(VI) Benjamin (2), second son and child of
Christopher Barrett, was born May 2~, 1707, in
Chelmsford, and lived many years in Vershire,
Winn in. Late m life he had a home a few 3
wib In, -on William in Lisbon. Xew Hampshire,
and died ill 1801. at the home of his daughter Mary
(Barrett) Smith, in Woodbury, Vermont. He mar-
ried \1111a Lovell, and their children were: Hen
jamin, G< rgi Diantha, Jerusha, Luanda, Cynthia
.id William, 'file second daughter married M
Thurston Conant, and the third was the wife of
Harrison Smith.

i\lli Benjamin (3), eldest child of Benjamin
( _• ) and Anna (Lovell) Barrett, was bom in No
vember, t8oo, probably in Vershire, Vermont. He
resided for several years in Lisbon. New 1 Limp
shire, and seven of his children were born there.
He removed thence to Woodbury. Vermont, 1 1
lliug on a farm on the border of that town ad
joining Hardwick. He engaged in clearing land

anil lumbering, and died from injuries received
while felling trees in the woods, his death occurring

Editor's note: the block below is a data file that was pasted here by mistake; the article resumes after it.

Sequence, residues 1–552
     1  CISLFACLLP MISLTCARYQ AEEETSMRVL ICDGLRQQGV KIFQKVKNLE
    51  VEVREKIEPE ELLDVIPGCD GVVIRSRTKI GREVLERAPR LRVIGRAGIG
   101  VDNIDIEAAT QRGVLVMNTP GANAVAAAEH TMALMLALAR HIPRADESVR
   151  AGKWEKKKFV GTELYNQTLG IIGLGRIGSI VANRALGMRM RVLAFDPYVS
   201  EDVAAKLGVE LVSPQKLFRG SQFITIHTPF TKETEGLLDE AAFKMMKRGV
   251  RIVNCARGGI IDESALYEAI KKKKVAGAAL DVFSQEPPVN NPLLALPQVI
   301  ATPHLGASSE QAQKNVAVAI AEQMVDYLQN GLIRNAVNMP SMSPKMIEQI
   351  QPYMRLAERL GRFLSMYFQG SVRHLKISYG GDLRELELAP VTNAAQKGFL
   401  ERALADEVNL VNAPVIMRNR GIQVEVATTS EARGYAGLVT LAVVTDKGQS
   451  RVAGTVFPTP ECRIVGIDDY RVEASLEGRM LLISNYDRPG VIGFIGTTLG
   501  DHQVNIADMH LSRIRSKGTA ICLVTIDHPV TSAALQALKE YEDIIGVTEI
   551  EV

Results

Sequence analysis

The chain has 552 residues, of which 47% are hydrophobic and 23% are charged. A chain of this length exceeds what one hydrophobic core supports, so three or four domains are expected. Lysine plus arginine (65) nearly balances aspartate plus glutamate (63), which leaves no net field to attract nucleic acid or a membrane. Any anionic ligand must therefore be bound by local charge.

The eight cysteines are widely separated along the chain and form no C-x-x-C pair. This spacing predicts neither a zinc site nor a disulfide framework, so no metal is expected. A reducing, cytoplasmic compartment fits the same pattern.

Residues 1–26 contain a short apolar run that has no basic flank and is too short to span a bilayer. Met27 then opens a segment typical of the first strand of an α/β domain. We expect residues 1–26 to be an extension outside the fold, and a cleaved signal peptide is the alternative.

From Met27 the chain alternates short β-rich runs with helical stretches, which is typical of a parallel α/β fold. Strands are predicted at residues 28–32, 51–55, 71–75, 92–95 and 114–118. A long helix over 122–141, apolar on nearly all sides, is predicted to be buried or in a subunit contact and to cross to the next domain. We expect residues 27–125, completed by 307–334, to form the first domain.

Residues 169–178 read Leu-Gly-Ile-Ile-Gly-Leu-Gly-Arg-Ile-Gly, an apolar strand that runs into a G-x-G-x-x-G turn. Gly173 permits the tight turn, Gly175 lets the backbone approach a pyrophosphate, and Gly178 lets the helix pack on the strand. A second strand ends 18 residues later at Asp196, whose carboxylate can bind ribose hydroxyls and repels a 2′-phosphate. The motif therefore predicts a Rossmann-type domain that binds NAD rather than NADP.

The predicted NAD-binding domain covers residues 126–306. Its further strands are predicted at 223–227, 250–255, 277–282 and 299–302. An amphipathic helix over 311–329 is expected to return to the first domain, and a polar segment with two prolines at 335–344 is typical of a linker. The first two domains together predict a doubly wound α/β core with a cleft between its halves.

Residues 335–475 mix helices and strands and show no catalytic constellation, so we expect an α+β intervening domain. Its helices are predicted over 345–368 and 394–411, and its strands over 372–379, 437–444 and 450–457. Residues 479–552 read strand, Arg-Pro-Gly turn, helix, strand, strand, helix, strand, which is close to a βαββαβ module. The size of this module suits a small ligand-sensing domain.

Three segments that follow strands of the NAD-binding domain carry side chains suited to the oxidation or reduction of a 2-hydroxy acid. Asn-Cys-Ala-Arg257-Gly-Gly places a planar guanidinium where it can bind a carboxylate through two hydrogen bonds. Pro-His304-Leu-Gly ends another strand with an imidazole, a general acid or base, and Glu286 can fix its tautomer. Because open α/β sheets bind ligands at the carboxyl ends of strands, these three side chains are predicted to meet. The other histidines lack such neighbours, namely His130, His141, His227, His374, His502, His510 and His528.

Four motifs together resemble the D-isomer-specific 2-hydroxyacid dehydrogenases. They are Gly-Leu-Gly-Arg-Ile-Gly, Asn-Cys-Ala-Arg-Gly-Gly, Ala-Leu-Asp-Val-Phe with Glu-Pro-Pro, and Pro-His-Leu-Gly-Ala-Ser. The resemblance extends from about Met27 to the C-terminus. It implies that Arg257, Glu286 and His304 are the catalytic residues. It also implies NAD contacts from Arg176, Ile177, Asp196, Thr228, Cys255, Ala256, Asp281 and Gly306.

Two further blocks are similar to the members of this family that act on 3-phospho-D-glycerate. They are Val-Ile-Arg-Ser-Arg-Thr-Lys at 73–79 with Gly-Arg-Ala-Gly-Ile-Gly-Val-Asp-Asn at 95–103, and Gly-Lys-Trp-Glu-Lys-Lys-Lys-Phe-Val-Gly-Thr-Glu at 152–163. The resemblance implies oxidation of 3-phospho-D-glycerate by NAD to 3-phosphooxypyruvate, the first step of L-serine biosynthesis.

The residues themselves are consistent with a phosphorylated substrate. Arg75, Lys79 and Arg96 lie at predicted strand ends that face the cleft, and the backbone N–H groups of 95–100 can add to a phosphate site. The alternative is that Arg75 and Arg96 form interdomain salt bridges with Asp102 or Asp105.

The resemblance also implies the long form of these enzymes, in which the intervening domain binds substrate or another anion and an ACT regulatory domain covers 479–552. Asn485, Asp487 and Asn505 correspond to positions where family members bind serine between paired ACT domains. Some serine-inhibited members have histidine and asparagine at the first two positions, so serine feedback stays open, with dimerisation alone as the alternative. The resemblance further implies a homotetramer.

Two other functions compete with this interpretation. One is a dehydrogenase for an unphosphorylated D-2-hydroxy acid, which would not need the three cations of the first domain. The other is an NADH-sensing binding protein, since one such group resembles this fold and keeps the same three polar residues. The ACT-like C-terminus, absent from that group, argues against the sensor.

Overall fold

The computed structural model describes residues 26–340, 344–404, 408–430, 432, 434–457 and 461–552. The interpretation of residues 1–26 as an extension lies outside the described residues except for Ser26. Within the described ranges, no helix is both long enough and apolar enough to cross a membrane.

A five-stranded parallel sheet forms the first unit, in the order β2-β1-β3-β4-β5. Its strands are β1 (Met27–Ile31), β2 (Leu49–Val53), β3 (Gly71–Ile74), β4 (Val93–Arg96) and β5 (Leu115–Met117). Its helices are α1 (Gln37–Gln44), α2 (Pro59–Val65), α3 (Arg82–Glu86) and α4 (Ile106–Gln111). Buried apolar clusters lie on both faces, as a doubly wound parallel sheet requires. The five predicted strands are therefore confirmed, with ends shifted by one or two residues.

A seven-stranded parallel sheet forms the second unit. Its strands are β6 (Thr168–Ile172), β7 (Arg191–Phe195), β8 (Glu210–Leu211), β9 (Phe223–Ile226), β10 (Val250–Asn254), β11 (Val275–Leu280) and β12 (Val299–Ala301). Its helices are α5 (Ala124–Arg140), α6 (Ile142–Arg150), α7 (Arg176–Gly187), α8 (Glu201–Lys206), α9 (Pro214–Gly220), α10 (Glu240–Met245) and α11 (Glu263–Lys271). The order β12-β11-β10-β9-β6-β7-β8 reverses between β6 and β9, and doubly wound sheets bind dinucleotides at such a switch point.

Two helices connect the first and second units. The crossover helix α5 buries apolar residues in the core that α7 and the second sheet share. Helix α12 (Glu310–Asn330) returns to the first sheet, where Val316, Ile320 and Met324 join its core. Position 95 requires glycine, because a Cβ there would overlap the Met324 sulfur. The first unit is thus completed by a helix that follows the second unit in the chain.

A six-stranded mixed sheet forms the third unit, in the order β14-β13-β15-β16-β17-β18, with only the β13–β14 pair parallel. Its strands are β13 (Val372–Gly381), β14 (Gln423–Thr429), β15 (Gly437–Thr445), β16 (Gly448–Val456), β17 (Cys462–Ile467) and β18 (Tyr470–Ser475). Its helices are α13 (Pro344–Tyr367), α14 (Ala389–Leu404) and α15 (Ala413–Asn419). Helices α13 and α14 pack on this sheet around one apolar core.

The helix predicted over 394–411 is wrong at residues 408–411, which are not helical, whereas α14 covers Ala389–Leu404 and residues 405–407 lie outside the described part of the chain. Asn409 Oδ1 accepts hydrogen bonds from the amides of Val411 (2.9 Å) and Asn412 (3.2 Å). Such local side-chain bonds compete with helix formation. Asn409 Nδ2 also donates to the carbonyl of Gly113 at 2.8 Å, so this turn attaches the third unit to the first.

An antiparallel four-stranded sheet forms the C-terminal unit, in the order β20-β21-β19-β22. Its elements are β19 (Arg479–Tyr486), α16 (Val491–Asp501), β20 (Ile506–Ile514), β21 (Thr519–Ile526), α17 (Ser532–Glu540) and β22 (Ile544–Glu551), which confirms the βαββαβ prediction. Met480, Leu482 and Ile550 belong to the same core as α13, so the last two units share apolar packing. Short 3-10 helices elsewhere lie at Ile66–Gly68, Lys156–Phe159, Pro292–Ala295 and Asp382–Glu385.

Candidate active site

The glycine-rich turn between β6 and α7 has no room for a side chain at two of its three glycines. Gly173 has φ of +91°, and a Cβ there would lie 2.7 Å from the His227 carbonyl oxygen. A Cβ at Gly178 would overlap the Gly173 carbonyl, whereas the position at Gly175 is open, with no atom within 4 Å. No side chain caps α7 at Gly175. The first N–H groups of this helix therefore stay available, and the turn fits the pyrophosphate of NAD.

February 18 [854, on the anniversary of his mar
riage. He was married February 18. 1820, to
\ enath Ordway, who was born in April. 1800.
probably in Chester, Vermont. She survived him
ami died in Woodbury, 'flic following is :i brief ac

count of their children; Benjamin was killed in the
Civil war, while serving as a soldier; James re-
ceives extended mention in the next paragraph;
Edson lived and died in Woodbury, Vermont;
Henrj dud while a prisoner in Libby Prison in
Virginia; Sally married a Goodwin, from whim she
subsenuently separate,!, and died iii Vermont; l.y

man lived and died in W [bury; George was liv-
ing it last account in Bradford, Vermont; 1 evi

died at Algiers, Louisiana, while serving as a ol

1I1, 1 . I'liiiner reside, iii Peacham. Vermont; and